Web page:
Will & Grace, for example, is a very popular network comedy that had an indelible impact on an assumed default straight audience saw gay characters, particularly gay men. Network executives were still panicking over the possiblity of the show being ‘too gay’ following the cancellation of Ellen after that show’s star and protagonist both came out. John Barrowman was up for the role of Will but famously didn’t get it because he ‘wasn’t gay enough’. Eric McCormack, who did land the part, had played gay characters before but wasn’t gay himself. We can get into the semantics of who was better for the part based on talent and all that jazz, but it still feels notable that this series wouldn’t cast a gay man as a gay man (at the time, Sean Hayes had not publicly come out, and that dynamic highlights a lot about how Hollywood and the assumed straight audience want actually acknowledge queerness in their own industry). The series that Joe Biden credited with influencing how America viewed LGBTQ+ rights is still one that wouldn’t cast a gay man in an immensely influential role because he wasn’t gay enough.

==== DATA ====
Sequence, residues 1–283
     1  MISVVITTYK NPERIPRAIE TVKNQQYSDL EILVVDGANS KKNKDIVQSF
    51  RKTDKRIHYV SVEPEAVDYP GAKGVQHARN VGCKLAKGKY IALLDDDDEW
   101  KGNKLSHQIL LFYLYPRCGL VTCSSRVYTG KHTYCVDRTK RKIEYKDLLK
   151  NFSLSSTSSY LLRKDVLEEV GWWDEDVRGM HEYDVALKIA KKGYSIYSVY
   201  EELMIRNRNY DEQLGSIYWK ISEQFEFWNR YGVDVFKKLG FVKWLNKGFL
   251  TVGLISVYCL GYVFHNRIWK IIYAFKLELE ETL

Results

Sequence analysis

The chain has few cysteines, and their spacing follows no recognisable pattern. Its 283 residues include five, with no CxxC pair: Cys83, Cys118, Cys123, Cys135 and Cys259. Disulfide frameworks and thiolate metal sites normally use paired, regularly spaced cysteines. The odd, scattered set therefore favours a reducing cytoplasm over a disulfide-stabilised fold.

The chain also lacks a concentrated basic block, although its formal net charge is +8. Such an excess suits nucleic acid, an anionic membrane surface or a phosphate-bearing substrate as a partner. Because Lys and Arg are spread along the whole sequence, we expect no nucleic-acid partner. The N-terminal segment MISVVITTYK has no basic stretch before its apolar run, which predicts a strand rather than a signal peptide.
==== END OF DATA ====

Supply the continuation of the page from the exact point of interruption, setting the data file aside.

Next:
Straight actors have played gay roles before and often to great acclaim. Both Jake Gyllenhaal and Heath Ledger are wonderful in Brokeback Mountain, bringing heart-breaking nuance to a story of masculinity and societal scorn. The issue is that, by and large, straight actors have played gay roles more often than gay actors have played straight roles. Rather, it should be clarified, openly gay actors don’t get those opportunities. Back in the golden age of Hollywood, when being open about your sexuality wasn’t an option, actors like Rock Hudson were the pantheon of heterosexual masculinity. Most of our major markers of LGBTQ+ representation in mainstream entertainment - the kind of stuff with big money and studio support behind it - have been played by straight cisgender actors. This is a discussion we’ve had before with trans representation. It is an inevitability that, when a minority role is written and played by someone who isn’t part of that minority, stereotypes will shine through in some way.